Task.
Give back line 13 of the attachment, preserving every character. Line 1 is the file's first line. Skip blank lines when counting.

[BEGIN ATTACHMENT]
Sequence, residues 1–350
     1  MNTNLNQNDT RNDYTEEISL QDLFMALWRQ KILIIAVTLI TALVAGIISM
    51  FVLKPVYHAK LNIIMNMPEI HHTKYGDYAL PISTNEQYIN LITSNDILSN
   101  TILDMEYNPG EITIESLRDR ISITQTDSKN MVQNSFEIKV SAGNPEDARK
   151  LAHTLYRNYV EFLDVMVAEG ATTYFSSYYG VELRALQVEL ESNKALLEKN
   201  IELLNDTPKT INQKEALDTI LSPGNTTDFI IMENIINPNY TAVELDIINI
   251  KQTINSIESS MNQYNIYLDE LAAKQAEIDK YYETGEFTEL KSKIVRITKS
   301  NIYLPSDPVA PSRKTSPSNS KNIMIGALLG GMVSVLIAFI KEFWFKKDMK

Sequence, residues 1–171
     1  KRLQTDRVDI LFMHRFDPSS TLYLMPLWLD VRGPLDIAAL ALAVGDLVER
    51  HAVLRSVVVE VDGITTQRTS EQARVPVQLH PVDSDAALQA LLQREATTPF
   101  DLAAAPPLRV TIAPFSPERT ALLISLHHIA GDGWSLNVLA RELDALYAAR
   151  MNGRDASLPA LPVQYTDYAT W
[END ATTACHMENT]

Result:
   151  MNGRDASLPA LPVQYTDYAT W